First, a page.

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Education will break chains (Staunton, VA)

November 29th, 2006, 10:07 AM

Education will break chains, hope dog lovers
City leaders pledge to help publicize effort
By David Royer/staff

STAUNTON A grass-roots effort to unchain city dogs is moving ahead, though supporters will now focus on education instead of enforcement.

Earlier this month, a group of dog lovers asked City Council to study an ordinance that would prohibit dog owners from tying up their pets for more than 10 hours a day. Supporters say permanently chained dogs often end up neglected, angry and dangerous.


City leaders decided to put the new law on hold for now, because Staunton has only one animal control officer to enforce the law, and many well-meaning owners might not have the money to fence in their yards, City Manager Jim Halasz said.

But city leaders encouraged the group to begin an educational campaign against chaining, and pledged time on the city's cable access channel and other measures to help publicize the effort.

"It just seems like that's the first step, to work with pet owners," Halasz said.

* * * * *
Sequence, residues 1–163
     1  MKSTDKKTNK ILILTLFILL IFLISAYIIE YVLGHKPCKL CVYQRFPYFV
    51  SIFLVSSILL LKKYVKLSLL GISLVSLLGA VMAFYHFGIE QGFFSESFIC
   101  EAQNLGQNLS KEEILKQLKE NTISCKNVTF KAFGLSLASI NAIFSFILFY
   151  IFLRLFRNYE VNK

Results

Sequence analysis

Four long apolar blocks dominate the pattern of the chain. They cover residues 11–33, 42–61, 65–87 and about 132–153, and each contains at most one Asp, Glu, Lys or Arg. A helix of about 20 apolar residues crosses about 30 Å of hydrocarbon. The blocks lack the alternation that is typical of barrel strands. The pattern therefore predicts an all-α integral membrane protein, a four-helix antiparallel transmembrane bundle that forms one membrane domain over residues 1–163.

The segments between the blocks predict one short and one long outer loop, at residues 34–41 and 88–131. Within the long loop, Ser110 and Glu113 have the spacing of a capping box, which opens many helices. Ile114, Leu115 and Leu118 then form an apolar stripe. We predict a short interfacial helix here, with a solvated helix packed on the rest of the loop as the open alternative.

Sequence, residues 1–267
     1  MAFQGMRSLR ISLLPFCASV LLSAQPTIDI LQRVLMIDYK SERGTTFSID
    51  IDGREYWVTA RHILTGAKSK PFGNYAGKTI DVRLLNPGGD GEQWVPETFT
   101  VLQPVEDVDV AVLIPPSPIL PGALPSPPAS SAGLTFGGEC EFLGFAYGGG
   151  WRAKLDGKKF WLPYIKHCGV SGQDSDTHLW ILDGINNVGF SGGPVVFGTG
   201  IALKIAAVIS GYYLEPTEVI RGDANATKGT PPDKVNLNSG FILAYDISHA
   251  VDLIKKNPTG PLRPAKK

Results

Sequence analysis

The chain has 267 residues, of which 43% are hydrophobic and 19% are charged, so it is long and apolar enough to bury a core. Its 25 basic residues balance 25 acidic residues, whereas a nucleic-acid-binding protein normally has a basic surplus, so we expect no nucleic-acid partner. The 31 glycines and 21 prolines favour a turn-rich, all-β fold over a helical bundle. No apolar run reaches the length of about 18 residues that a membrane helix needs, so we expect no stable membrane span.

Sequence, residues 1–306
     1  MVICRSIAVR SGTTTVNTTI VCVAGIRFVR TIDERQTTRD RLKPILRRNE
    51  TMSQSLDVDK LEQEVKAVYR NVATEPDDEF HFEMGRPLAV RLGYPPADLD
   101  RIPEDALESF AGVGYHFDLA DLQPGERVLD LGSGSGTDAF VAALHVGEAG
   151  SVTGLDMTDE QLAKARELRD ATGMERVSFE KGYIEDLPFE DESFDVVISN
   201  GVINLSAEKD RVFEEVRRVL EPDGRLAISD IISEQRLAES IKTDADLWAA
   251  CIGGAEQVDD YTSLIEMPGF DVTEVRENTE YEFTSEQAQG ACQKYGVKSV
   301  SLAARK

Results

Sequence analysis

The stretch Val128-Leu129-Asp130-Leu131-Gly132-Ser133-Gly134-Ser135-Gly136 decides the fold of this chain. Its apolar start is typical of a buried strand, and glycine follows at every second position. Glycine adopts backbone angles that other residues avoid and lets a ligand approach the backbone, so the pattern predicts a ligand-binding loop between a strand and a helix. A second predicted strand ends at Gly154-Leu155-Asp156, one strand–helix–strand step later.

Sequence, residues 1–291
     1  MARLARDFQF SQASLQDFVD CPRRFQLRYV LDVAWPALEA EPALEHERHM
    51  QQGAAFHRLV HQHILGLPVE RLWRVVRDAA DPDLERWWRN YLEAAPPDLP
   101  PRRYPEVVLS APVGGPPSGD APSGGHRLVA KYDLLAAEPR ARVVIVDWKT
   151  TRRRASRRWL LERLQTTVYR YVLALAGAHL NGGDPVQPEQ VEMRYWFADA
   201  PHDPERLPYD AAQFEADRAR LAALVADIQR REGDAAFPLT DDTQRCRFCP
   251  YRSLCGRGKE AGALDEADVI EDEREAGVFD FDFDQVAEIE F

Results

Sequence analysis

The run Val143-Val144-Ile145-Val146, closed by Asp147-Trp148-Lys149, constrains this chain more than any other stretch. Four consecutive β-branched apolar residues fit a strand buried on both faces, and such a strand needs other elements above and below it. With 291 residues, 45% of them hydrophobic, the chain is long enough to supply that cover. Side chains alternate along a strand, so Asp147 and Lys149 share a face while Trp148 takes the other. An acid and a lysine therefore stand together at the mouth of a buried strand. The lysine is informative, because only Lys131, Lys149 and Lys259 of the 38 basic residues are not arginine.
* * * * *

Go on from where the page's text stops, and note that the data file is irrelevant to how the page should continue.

Supporters said they haven't given up on their petition for a city ordinance. More than 500 people have signed on in support of the law, and the city could still set up a study committee, Amy Hammer said.

In the meantime, the group will print pamphlets this week training pet owners on proper animal care. The information will be passed out at the SPCA animal shelter, in public buildings and by the animal control officer, Ria McGuffin said.

The group also is collecting donations that will provide straw to keep outdoor dogs warm and help build fences for two families with dogs.

McGuffin acknowledged some negative feedback at her group's proposal but said most people have been supportive.

"For the most part, people are really glad this is beginning in our city," she said.